Scientists have overcome major trouble in developing high-efficiency, long-lasting solar cells. Under normal operating conditions, when solar panels reach temperatures of 130 degrees Fahrenheit (55 degrees Celsius) and above, the intense heat quickly saps efficiency and shorten the lifespan of the panels.
Most of the solar panels convert less than 30% of the energy they receive from the sun into electricity; remaining energy produces waste heat, which inevitably lessens a solar cell’s performance.
Stanford researchers discover a new way to cool solar cells
In place of using coolants or ventilation, which can be water and energy intensive, scientists at Stanford have found a way to let solar cells cool themselves. They did this by adding a specially patterned layer of silica glass to the surface of ordinary solar cells.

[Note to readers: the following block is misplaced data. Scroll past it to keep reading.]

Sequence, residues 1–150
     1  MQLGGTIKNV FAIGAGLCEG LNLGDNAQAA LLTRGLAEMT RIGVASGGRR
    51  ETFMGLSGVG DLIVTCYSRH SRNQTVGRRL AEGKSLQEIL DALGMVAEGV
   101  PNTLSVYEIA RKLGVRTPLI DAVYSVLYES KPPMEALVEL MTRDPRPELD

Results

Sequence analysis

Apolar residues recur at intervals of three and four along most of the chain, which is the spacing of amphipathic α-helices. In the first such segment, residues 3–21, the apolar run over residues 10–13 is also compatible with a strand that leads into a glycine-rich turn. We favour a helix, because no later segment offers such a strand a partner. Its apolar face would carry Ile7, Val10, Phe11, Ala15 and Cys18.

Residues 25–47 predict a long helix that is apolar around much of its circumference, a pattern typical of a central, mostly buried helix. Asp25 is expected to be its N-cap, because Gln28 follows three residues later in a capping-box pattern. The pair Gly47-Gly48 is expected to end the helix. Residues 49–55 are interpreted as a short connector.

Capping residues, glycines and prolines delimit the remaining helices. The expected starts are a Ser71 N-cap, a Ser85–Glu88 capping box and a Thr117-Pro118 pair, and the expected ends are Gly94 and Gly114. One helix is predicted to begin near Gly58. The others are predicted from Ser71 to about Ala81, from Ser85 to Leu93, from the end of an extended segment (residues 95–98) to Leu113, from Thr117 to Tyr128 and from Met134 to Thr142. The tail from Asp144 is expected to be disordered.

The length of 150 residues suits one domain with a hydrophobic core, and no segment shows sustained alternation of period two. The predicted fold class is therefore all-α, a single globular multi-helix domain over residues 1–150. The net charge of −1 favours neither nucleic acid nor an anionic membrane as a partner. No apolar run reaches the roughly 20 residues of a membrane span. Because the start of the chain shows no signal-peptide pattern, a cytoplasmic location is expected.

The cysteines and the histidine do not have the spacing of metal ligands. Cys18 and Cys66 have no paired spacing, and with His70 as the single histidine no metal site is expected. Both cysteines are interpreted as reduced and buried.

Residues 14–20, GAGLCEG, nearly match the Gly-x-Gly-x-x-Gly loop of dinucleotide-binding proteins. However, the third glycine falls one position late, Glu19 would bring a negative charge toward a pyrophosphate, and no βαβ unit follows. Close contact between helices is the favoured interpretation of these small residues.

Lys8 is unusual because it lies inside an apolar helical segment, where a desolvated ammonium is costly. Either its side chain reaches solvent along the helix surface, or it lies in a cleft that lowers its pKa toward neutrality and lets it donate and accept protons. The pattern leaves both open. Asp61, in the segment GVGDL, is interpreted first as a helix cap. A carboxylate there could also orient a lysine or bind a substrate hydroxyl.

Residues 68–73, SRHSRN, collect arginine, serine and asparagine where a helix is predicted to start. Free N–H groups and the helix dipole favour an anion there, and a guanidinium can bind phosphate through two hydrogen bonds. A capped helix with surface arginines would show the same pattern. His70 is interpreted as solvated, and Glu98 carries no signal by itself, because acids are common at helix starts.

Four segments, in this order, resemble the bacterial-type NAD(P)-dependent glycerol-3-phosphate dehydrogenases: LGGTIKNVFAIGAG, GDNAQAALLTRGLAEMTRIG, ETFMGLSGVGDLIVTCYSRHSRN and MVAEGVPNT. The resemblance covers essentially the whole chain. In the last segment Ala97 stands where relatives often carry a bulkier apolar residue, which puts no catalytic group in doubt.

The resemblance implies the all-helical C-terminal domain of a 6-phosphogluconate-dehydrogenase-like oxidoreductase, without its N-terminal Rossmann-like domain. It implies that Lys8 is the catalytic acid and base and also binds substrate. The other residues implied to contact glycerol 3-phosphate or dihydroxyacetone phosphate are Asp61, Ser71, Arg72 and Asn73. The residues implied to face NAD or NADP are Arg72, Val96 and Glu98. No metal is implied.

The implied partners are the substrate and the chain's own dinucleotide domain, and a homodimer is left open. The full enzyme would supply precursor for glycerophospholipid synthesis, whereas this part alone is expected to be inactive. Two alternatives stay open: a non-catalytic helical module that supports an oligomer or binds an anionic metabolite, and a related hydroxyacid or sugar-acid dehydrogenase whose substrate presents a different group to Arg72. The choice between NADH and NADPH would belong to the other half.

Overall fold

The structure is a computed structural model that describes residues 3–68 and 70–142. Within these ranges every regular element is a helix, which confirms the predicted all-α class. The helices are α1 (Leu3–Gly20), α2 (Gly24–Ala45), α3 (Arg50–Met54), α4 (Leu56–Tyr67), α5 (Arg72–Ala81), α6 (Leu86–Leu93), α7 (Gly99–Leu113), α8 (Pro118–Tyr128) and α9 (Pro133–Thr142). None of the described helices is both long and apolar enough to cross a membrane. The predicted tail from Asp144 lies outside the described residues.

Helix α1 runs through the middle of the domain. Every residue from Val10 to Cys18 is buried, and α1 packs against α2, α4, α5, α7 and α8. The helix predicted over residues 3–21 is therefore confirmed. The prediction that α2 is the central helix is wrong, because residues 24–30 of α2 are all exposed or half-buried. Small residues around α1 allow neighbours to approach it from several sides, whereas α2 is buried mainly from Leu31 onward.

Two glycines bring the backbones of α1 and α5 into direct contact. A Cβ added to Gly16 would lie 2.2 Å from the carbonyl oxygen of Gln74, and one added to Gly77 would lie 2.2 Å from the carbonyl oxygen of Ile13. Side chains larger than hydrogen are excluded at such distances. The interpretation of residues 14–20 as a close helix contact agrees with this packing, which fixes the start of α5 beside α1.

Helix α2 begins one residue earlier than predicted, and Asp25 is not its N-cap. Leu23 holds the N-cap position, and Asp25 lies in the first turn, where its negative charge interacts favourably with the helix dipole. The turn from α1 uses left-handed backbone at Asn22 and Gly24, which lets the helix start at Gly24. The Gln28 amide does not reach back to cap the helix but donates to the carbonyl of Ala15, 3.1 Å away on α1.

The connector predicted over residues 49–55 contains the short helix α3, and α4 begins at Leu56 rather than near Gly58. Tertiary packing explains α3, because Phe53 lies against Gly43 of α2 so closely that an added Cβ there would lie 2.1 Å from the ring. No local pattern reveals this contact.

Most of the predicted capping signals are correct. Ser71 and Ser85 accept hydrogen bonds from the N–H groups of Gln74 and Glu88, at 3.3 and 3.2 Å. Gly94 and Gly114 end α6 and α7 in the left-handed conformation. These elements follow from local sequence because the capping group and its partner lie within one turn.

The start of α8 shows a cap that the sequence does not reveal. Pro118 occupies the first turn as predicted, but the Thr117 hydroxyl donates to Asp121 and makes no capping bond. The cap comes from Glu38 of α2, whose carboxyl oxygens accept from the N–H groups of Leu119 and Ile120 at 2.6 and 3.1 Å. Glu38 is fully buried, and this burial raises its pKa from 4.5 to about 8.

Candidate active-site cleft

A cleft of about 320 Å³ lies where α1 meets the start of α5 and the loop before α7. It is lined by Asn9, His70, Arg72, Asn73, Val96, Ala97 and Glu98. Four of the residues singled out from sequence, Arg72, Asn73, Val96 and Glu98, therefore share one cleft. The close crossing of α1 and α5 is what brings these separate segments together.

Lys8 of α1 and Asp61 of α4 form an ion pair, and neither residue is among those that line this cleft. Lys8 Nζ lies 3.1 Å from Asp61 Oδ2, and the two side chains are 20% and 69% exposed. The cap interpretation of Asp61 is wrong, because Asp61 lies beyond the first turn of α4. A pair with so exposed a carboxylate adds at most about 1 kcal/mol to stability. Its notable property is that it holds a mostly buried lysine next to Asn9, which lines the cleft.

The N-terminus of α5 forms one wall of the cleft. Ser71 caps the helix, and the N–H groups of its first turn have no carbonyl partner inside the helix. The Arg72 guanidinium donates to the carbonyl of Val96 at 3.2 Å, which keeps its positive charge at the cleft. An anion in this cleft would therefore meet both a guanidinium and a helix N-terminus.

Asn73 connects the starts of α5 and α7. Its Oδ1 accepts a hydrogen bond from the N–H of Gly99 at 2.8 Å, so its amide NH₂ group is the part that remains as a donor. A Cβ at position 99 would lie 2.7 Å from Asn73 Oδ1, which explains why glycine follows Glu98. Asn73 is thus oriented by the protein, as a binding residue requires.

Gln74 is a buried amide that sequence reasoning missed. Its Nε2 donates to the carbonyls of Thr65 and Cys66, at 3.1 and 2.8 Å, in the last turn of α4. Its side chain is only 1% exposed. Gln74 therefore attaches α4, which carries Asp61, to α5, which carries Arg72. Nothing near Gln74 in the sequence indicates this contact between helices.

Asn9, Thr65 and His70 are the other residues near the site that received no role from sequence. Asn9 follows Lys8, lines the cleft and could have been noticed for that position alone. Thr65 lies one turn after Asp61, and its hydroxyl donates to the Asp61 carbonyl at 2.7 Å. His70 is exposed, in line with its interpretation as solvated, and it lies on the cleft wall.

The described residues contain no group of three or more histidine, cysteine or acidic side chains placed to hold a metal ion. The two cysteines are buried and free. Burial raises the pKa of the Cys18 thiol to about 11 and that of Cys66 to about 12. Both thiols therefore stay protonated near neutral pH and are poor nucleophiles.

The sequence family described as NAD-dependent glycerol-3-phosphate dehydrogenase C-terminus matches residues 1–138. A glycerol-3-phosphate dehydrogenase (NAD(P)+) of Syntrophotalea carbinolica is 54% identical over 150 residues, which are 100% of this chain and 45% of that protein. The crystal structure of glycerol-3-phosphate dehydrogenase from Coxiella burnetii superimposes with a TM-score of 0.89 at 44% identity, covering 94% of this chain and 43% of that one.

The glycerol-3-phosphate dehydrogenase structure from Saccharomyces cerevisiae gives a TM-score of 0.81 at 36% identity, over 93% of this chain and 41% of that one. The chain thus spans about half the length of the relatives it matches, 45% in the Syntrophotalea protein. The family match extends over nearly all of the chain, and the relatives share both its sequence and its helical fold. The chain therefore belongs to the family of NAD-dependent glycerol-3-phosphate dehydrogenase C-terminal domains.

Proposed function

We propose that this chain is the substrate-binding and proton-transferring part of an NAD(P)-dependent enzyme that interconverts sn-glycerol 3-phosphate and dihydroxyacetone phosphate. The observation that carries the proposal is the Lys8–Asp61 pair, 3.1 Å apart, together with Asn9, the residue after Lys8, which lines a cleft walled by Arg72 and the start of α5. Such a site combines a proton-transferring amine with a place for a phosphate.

About this special coating
The coating done is made up of tiny pyramid and cone-shaped structures on a very thin layer of silica glass. Silica is transparent to visible light and can be fine-tuned to make it bend and refract light of very specific wavelengths.
This carefully designed layer of silica helps in deflecting unwanted thermal radiation. The coating not only extends the life of the solar panels, but also boosts power output.
Currently, scientists are working on these devices and performing experimental tests on their design.